Mr Lewis, who led the design for the National Stadium, OCBC Aquatics Centre and the two OCBC Arenas, adds: “When you’re here, you’re easily walking 0.5km or even 1km around here. You have to make it well-connected in this climate. That’s why there’s the introduction of landscape to give shade.
“Early parts of the design also referenced Olympiastadion in Munich... the idea of canopy roofs, spreading over and protecting people, and using the land under these canopies and then it evolves into a singular form.”
Other green features include the ultra-thin, retractable dome which spans 310m – now the largest dome in the world, overthrowing the Dallas Cowboys Stadium in Texas, which measures 275m in diameter – and is designed to use less energy than that of a fully enclosed stadium.
The dome’s covered design also allows for sporting events to be held all year round.
Pointing out the Stadium Roar, the main entrance of the dome which opens up to the city skyline, Mr Rose says: “We forget a few things about the old stadium, like how we couldn’t see out of it, across the rooftops. And when it rained, cascades of water would come down... it was a nightmare. The dome now makes it secure for all events – a massively improved experience.”
But it is not all out with the old. Parts of the timber benches from the old stadium were initially experimented with to be placed on the facade. But as upkeep would be expensive, the plan was shelved.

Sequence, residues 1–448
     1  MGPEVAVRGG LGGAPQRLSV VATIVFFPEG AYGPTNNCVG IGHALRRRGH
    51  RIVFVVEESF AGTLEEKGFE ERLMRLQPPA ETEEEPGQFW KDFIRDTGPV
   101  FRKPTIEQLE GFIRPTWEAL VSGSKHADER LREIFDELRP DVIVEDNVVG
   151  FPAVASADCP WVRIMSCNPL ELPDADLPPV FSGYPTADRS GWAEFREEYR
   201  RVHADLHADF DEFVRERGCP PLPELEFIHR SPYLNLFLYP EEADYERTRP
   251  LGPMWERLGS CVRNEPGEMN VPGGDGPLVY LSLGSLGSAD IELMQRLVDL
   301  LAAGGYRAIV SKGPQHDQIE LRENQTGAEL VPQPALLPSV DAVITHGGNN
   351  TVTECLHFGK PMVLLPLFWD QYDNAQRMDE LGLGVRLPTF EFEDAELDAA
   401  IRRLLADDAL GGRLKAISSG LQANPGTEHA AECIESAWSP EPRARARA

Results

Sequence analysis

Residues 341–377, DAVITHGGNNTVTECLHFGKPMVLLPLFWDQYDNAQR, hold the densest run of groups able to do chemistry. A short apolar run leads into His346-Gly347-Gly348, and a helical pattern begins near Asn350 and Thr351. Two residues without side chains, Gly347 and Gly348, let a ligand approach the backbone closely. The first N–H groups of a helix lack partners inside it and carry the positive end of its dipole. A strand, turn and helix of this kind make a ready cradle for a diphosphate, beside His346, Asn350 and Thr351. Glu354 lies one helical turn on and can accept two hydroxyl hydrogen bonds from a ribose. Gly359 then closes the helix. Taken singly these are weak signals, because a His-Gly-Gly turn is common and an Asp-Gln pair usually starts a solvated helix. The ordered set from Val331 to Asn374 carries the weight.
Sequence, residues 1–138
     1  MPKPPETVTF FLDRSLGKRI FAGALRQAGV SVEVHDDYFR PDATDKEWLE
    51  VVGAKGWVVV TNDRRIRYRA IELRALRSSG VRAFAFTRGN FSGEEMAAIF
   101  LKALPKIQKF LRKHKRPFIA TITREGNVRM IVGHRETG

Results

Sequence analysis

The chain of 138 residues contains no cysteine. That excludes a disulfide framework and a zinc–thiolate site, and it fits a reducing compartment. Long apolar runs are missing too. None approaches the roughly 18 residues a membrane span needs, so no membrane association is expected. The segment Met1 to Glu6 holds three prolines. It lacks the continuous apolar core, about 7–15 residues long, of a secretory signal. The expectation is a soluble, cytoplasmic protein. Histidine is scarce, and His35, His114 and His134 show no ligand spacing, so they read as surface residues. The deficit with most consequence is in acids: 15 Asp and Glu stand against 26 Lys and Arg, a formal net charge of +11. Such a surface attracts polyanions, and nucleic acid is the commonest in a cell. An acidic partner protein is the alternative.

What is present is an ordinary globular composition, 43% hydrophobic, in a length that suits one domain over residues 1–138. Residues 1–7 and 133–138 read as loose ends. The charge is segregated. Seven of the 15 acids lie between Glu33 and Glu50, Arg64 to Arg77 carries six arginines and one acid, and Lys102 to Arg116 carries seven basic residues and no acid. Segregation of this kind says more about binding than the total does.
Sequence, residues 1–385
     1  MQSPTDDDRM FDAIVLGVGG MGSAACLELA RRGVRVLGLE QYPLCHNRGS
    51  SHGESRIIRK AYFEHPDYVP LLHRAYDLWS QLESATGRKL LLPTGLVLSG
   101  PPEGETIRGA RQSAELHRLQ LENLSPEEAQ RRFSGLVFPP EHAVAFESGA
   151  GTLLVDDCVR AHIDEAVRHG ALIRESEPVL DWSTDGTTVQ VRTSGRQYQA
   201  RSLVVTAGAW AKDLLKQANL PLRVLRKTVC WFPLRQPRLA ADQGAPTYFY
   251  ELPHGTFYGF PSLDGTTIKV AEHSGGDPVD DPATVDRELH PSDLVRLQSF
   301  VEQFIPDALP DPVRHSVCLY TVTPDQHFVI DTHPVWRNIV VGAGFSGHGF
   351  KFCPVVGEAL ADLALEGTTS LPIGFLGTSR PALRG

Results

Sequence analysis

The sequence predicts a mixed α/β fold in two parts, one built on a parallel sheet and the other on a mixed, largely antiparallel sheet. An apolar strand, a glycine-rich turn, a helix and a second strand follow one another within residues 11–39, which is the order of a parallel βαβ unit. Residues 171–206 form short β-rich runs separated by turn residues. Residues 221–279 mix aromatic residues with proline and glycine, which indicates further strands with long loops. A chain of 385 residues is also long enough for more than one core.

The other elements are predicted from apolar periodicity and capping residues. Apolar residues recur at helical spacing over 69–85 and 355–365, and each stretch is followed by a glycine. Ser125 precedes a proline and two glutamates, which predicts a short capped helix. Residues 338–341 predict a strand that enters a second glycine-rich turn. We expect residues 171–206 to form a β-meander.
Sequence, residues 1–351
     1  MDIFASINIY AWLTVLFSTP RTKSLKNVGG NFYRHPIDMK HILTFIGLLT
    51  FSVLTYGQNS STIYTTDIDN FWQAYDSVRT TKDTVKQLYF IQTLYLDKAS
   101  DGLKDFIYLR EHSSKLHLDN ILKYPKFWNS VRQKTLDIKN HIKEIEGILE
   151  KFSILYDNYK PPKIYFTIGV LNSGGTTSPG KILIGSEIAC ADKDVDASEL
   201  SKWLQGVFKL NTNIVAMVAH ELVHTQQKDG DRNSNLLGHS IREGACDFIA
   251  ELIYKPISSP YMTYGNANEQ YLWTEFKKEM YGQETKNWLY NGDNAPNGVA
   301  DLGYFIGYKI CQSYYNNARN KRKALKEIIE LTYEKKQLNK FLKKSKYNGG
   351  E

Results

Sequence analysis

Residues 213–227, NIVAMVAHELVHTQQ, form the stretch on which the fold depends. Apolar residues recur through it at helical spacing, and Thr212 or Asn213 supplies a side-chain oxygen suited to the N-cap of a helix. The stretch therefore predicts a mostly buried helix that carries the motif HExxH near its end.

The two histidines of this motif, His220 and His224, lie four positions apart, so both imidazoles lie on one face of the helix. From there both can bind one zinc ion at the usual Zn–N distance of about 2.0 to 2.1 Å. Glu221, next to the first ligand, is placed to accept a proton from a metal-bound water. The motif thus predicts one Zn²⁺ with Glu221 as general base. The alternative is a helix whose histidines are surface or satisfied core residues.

Instead, these benches have become art installations and the wood used to deck out some parts of the interior in the museum and library. The museum has a 2,200 sq m exhibition area, while the library has a massive 80,000 book collection for a varied audience.
For those who are still concerned about feeling hot in their seats, an energy-efficient cooling system will deliver air cooled down to 23 deg C, through an air-handling unit which will pipe it to each seat.
And there are 2,721 giant solar panels installed across a 3,300 sq m area. About 610MWh of energy will be generated annually – enough to offset the energy used by the bowl’s cooling system.
Expect it to be a green walk, too, with 200,000 shrubs and 1,300 trees planted around the Sports Hub. Large, existing trees more than 40m from the original site were retained and incorporated into the masterplan and landscape.
There is also an Arena Park for visitors to walk through and it has a 4,000 sq m bioswale, which will remove silt and pollution from surface runoff water. This water will then be pumped back into the drainage system. The landscape is expected to grow within the next six months to a year.
With the architectural giant ready for action, perhaps the biggest question for die-hard sports fans is: Which is the best seat in the house?
Each of the architects has his own take.
Without hesitation, Mr Lewis says: “Middle tier, front row in the north zone. Not that any rows are going to have the worst view, but there’s the perception of the closest experience, with the most elevation over the pitch.”
Mr Teoh says it depends on the event. For example, if it is a performance by the Singapore Symphony Orchestra, he says, “you will want to be right up front”.
To be fair, Mr Lewis adds diplomatically: “I think it depends on the different concepts and how they’re set up. I think everyone will have the best seat in the house.”
Source: The Straits Times © Singapore Press Holdings Limited. Reproduced with permission.